Adding Agents and CDs as Facebook Friends

Hi there Bonnie,

I went back to review your column Social Networking and Acting and got to thinking… usually my first mistake, HA! …about social networking — especially Facebook. My son Kyle and I have joined the exciting world of FB. I am being selective about who he/we friend on his page.

(Rather than randomly clicking away, I want to be cautious and only invite people or names we recognize.) We are getting to a point where we are starting to see agents and managers (good ones with names we recognize but not personally met) on FB with the opportunity to invite as friends.

Okay with that said, my question to you: Since Kyle already has an agent, would it be crossing a line or un-cool to invite them as friends on FB? (Kyle has invited his current agent, but I suspect she doesn’t friend clients… at least Kyle.)

Your thoughts on this would be wonderfully appreciated. I wouldn’t want to do any damage that might have consequences further down the road.

Fred and Kyle Agnew

Good news, Fred. That you are putting this much thought into it at all means you’re very unlikely to misstep. It’s the folks who click “add” or “accept” or “follow” or “share” on everything without giving it a second thought who may be crossing lines they didn’t even know existed. You, by being thoughtful and considerate about each click you’re making, are probably always going to err on the side of “conservative friend requesting,” and that’s a good thing where your son’s career is concerned.

It’s extra sticky when you’re the parent of a child actor, managing his or her online profiles. Because you’re trying to keep the child’s profile out there, keep his or her face in front of us (even by clicking “like” on our status updates), share good news of bookings, but not be seen as a pushy stage parent (or worse).

Balance is key. Everyone in this industry who maintains a Facebook profile, a Twitter stream, or any other semi-public presence knows they’re making themselves a little more accessible than they were back in the “pre-social networking sites” days. (Remember those days? When you may have posted on a message board or Yahoo Group, but there was no Friendster, no LinkedIn, no MySpace, no place other than a personal blog at which you could tell everyone what you just ate for dinner? Wow. I miss 2002.)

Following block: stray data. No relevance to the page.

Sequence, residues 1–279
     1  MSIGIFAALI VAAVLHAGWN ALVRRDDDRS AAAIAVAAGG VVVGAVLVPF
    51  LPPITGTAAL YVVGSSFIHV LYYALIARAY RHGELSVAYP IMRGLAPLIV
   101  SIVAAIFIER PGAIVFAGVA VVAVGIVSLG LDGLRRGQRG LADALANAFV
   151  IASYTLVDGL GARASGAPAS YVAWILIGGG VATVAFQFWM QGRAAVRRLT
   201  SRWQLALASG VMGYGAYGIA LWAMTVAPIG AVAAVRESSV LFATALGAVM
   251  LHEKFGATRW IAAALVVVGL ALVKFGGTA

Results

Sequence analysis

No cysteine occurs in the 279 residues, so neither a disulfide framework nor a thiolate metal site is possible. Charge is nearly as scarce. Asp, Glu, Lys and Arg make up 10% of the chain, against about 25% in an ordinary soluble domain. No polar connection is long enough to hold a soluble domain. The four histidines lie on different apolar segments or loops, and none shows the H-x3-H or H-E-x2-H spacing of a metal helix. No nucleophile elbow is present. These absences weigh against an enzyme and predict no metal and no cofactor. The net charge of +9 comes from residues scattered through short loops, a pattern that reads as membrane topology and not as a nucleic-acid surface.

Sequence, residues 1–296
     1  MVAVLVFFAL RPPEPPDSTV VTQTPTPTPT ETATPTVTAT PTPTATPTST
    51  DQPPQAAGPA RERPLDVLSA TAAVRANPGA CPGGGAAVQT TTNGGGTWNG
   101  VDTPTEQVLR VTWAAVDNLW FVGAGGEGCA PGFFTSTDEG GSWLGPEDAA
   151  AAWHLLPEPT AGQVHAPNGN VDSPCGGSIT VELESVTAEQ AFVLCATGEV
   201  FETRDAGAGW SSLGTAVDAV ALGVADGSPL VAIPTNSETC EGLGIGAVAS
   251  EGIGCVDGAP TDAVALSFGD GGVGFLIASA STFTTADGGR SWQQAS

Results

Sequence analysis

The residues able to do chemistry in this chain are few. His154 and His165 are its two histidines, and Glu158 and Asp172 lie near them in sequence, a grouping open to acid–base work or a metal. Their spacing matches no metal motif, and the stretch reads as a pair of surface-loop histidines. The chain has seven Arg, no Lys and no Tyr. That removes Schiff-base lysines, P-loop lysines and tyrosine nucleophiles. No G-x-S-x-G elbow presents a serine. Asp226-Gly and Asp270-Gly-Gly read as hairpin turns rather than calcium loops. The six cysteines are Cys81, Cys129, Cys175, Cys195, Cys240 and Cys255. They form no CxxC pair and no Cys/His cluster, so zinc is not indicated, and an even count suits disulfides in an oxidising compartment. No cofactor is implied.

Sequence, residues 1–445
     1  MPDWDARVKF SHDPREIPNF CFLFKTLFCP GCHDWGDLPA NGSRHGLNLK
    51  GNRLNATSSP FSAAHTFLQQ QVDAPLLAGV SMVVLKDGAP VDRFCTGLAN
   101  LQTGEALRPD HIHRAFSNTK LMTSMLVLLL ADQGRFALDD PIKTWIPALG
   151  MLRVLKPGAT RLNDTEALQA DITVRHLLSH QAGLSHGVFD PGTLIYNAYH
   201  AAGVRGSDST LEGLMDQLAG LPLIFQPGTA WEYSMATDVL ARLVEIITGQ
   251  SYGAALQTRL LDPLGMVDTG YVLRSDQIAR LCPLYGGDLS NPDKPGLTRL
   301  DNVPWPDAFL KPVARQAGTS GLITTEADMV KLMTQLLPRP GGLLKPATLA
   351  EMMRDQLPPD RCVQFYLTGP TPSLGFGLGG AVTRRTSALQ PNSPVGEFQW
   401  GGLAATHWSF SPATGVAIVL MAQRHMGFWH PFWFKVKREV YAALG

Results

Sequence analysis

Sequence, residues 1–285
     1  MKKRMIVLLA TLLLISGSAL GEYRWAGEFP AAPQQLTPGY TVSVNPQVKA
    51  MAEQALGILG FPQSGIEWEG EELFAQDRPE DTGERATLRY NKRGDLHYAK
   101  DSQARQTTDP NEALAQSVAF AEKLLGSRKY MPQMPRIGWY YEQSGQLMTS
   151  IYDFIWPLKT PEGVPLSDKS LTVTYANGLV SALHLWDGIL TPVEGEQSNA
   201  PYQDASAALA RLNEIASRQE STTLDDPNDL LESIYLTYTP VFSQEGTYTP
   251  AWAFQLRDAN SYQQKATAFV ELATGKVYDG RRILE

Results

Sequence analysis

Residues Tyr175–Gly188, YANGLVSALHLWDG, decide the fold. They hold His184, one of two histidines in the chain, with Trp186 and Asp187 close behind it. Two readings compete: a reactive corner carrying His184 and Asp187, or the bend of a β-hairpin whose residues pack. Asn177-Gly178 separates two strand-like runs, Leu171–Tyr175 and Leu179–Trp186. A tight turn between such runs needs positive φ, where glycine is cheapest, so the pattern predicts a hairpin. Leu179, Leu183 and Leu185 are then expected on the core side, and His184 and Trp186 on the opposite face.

Anyway. Point is, industry pros who create online profiles expect they’re going to get their share of friend requests from actors (or, as in your case, parents of actors) in an attempt to network and keep relationships building, so there’s a more personal experience, in the room, when that moment comes. Some of us are wide open for connections online and will accept your friend requests ’til our profiles are too full (like happened to me. I accepted everyone who asked, hit 5000 friends at Facebook, and then started defriending ten people a day and only adding people I actually know in person from here on out — or people I know online but who leave a nice note, let’s say). We use friend categories to segregate out folks we don’t want to see our every photo album, note, vid, and status update, and make sure we post only to the categories of people we want to see “everything.”

Other industry folks will see friend requests from actors they’ve never cast or actors they’ve never met as common annoyances and just click “ignore” (or “not now,” or whatever Facebook has changed the NO button to, this week). Take that for what it is (a “NO, thank you”), and move on. It’s not personal. It could just mean that person really does only use Facebook as a place to connect with friends and family, and wants to leave the office at the office. They’ve declared their Facebook page a “no networking zone.” Let them have that. And if it’s your own agent who declines your friend request, assume the same thing: They don’t want to come to Facebook and see a message from an actor about new headshots or a play or whether that avail got released. So, they’ve drawn that line and you’re on the other side of it. No biggie.

Plenty of other industry folks who have no problem connecting with actors at the various social networking sites. Cool. Connect with them. Share your good news. Build a relationship with them by commenting on their good news. Learn who they are and let them learn a bit about you. It could make for a much more substantive encounter when you do have that face-to-face meeting down the line. Don’t overthink doing the friend requests. And if you are given a little access to their worlds, behave like an invited guest at a nice party. You want to have your company enjoyed while there. You want to get invited back. So, no dancing on tables, breaking lamps, or tracking mud in on the white carpet. Respect that you’re in their space and you’ll be just fine.

Bonnie Gillespie is living her dreams by helping others figure out how to live theirs. Wanna work with Bon? Start here. Thanks!

Originally published by Actors Access at Please support the many wonderful resources provided by the Breakdown Services family. This posting is the author’s personal archive.

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